New trends in Asian securitization

Paul Hastings examines the use of whole business securitization and adoption of master trusts in Korea.

Introduction

As the securitisation markets in Asia continue to develop, structures and techniques which have gained prominence in other jurisdictions (especially the United States and European countries) may have application in Asia.

This article will examine two particular securitisation techniques which are popular in other parts of the world and examines their potential impact in Asia.

Whole Business Securitisation

Whole business securitisation ("WBS") - sometimes called "operating company securitisation" - falls somewhere between a secured loan and a future flow transaction. It is essentially a securitisation of cash flow without any actual assignment of that cash flow, often because the cash flow is literally "cash" and there is therefore no receivable to assign. The technique has been used significantly in the UK, primarily involving a secured loan structure.

The key steps are:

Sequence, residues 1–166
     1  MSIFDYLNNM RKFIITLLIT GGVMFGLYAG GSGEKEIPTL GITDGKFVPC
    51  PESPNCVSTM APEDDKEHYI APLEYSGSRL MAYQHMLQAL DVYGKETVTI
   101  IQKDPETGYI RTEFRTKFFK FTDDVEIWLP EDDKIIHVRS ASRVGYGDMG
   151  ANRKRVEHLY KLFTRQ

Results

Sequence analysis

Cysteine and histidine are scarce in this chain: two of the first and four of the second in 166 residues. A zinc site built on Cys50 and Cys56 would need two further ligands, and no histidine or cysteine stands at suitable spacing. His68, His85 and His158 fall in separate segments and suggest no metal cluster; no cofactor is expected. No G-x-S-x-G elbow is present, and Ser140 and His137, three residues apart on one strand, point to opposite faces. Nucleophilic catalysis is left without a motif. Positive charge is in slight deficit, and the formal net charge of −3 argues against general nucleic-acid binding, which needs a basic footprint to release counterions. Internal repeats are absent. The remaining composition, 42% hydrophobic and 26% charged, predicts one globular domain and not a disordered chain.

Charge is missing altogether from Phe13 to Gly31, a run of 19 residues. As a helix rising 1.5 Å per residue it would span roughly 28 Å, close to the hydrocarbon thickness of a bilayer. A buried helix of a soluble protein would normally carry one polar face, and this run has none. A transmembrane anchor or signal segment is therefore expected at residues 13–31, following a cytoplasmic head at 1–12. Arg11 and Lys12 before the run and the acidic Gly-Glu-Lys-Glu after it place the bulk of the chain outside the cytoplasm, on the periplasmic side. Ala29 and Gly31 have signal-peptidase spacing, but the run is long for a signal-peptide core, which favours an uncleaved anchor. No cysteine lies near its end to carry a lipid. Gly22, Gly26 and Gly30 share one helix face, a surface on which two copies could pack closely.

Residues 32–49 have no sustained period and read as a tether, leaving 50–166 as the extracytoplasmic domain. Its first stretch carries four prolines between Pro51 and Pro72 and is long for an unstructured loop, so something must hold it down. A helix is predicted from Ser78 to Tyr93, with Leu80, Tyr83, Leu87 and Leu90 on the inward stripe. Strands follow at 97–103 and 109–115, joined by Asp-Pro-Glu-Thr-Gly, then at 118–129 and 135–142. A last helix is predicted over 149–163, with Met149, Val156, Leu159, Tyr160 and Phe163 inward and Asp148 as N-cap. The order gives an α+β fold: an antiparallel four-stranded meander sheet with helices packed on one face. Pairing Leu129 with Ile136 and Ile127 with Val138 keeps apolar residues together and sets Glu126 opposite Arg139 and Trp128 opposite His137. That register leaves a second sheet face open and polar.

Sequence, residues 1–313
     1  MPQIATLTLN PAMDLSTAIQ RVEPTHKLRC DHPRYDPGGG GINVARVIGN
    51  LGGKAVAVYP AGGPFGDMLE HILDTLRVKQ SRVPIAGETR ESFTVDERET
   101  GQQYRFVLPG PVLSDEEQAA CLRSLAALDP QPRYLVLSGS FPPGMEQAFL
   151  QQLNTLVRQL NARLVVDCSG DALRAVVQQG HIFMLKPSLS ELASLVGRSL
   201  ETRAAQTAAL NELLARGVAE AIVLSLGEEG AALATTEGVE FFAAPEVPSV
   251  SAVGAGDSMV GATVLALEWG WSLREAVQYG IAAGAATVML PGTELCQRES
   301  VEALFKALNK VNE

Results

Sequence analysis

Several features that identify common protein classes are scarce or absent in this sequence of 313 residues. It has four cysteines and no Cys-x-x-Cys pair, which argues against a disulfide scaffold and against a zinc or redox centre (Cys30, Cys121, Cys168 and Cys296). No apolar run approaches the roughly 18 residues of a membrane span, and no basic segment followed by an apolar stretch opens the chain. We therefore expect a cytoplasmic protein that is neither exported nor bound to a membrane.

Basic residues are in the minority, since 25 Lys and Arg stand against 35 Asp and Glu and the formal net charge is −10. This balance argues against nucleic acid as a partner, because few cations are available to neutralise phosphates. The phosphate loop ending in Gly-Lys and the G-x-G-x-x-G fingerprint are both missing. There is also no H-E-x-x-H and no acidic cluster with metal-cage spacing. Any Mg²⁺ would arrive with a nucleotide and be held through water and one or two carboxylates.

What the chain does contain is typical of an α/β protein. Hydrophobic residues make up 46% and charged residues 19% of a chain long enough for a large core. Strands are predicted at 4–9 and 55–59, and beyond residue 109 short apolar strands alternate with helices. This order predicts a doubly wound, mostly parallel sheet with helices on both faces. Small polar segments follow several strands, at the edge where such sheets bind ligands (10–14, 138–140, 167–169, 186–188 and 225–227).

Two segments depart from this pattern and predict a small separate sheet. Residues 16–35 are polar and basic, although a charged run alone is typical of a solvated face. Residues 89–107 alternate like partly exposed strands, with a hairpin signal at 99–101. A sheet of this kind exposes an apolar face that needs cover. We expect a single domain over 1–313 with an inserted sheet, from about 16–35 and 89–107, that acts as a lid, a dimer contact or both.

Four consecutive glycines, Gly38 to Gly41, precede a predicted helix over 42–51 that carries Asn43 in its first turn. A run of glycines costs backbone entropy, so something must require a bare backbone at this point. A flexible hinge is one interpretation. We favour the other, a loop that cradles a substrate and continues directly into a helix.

1. A special purpose vehicle (an "SPV") issues notes in various tranches to investors.
  2. The net proceeds of the note issuance will, on the closing date, be advanced to an operating company or companies by way of a secured loan.
  3. The security will consist of fixed and floating charges over all the assets of the operating companies especially the business generating assets.

The key element to the security package is the ability of the WBS investors to control events in time of trouble and, for example, prevent the appointment of an administrator and, if they wish, appoint a receiver to run the business or dismantle the business. If there is more than one secured creditor, some form of inter-creditor arrangements will need to be put in place at closing to give the WBS investors the necessary control.

The benefits of such a structure to a company are various and include:

  • Higher debt levels
  • Higher leverage (compared to traditional bank borrowing)
  • longer tenor

Typically companies that would be candidates for WBS would have a mature business and a stable and predictable cash flow. Transactions have closed in the UK for companies in such diverse industries as theme parks, motorway service areas, airports and ferry services.

A related type of transaction structure which has been used in Europe and draws on a number of WBS features is so called "inventory securitisation" involving security interests over inventory and/or assignments of receivables and insurances. Assets/inventory that have been securitised this way include champagne, diamonds and base metals.